COMMUNITY: As Hajim School enrollments have increased—including an average of nearly 200 total URM undergraduates—it has found important allies in two student chapters. The National Society of Black Engineers (NSBE) and the Society of Hispanic Professional Engineers (SHPE) provide tutoring, peer group activities, and opportunities for members to attend national conferences. These activities help build a supportive sense of community for minority students, in addition to providing career and internship networking opportunities, Valentino says. The school helps fund many of these activities.
The school has also worked closely with the Department of Mathematics on better placement procedures for the required courses it provides for engineering students. It has also worked closely with the Department of Physics and Astronomy to develop the self-paced course that engineering students can take for their physics requirement. These steps have improved the success rate for all engineering students.
Other key partners include the Kearns Center, which has programs that help URM students prepare for graduate school and obtain hands-on mentored research experiences, and the Greene Center for Career Education and Connections, which assists students with career planning, internships, and job fairs.
“The biggest thing that distinguishes the STEM Gems program is that we’re focusing primarily on academic path and progress, because it is so essential that our underrepresented minority students graduate,” Valentino says. “If we have our eye on that, our other partners can help provide the other opportunities.”
The results have been encouraging. First-year retention of URM students has increased from about 50 percent for the Class of 2010 to more than 70 percent for the Classes of 2016–21. Second-year retention has also improved. Especially dramatic is the increase in the six-year graduation rate in a Hajim School major, from about 20 percent of URM students in the class of 2010 to nearly 60 percent now.
A lot of people are willing to help
Photo caption: Camila Ruiz Vega ’22 of biomedical engineering was “a little unprepared when I got here,” but found plenty of support from tutors, academic counselors, and her undergraduate coordinator. She plays varsity tennis, is an accountant for the Student Association Finance Office, and regularly engages with SALSA, the student Spanish-speaking Latino community. Her ultimate dream is to set up a biomedical consulting company in Puerto Rico.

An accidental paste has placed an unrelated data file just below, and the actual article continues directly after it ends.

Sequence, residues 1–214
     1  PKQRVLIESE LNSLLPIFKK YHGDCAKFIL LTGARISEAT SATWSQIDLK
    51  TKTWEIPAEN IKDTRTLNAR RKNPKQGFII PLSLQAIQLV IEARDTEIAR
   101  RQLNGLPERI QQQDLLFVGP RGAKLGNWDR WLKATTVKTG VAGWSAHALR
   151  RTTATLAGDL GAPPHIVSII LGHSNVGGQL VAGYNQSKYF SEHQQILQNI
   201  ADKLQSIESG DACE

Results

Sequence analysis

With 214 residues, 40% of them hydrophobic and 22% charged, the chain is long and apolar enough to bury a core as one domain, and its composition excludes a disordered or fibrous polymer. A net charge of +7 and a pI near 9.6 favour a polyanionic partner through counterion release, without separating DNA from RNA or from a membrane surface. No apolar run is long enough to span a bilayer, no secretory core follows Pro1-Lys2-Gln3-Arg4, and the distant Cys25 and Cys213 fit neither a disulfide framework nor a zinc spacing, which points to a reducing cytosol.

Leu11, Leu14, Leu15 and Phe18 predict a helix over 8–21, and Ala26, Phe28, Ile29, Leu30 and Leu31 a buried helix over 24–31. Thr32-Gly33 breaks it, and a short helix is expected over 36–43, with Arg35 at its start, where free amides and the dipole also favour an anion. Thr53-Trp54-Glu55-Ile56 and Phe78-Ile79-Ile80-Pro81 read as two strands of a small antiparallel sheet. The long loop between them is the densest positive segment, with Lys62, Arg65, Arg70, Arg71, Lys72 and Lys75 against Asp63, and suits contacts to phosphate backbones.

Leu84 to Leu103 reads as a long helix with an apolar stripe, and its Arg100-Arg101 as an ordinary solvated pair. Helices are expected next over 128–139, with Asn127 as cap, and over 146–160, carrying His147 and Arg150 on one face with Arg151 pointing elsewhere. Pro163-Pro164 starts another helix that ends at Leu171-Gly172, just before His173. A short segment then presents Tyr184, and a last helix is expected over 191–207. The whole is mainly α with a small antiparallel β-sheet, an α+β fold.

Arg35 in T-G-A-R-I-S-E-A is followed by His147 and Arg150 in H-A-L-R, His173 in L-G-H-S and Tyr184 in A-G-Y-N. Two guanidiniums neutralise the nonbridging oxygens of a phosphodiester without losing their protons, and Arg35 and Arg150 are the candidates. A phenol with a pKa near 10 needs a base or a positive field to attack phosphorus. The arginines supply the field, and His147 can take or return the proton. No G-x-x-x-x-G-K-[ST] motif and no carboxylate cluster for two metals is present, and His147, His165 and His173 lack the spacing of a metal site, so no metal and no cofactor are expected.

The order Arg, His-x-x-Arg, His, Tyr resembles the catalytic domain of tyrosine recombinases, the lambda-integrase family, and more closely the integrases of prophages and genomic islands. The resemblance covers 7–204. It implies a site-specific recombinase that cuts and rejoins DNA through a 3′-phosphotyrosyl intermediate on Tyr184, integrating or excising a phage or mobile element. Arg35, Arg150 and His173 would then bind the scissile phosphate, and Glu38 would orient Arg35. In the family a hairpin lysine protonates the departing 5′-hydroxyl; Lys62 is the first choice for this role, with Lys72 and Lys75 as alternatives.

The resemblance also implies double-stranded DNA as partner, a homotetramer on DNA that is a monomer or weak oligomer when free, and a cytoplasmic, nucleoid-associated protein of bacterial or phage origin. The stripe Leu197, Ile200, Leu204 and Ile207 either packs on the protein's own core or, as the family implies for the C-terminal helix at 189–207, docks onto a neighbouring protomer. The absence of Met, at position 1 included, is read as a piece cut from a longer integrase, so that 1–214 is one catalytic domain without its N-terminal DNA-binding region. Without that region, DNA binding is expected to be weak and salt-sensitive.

Camila Ruiz Vega ’22, a biomedical engineering major from Guaynabo, Puerto Rico, can testify firsthand to the support that is available.
“I was a little unprepared when I got here,” she says, particularly in math and science.”
So, she turned to the Center for Excellence in Teaching and Learning for tutoring help, and soon “caught up.” Valentino, she says, was the “middleman” who helped her organize her schedule to accommodate not only her biomedical engineering major but a minor in business.
Professor Edward Brown made it easy for her to talk to him during office hours or contact him by email to help answer her questions while taking his introductory course in biomedical engineering. And Taimi Marple, the biomedical engineering undergraduate coordinator, was her go to person with any other concerns. “She’s amazing,” Ruiz Vega says.
“Admitting I didn’t know how to do something and then saying it out loud and asking for help, took me a couple of tries,” she admits. “But if you ask, the Hajim School is a great resource for anything you might need.” “Engineering is tough and demanding, but you can do it if you organize yourself.”
And if you never forget there are a lot of people willing to help.
Photo caption: Jamal Archibald ’23 is assisted by Scott Russell, at left, a lecturer and senior technical associate in mechanical engineering, during an Arduino workshop. The workshop was part of the Essentials of Engineering course, offered by the Early Connections Opportunity program last summer. Russell has been working with ECO students for three years. “It’s a nice way of helping kids get started here,” Russell says. “My understanding is that many of them are the first in their families to go to a university. I was the first in my family to do that, so I can relate a little bit.”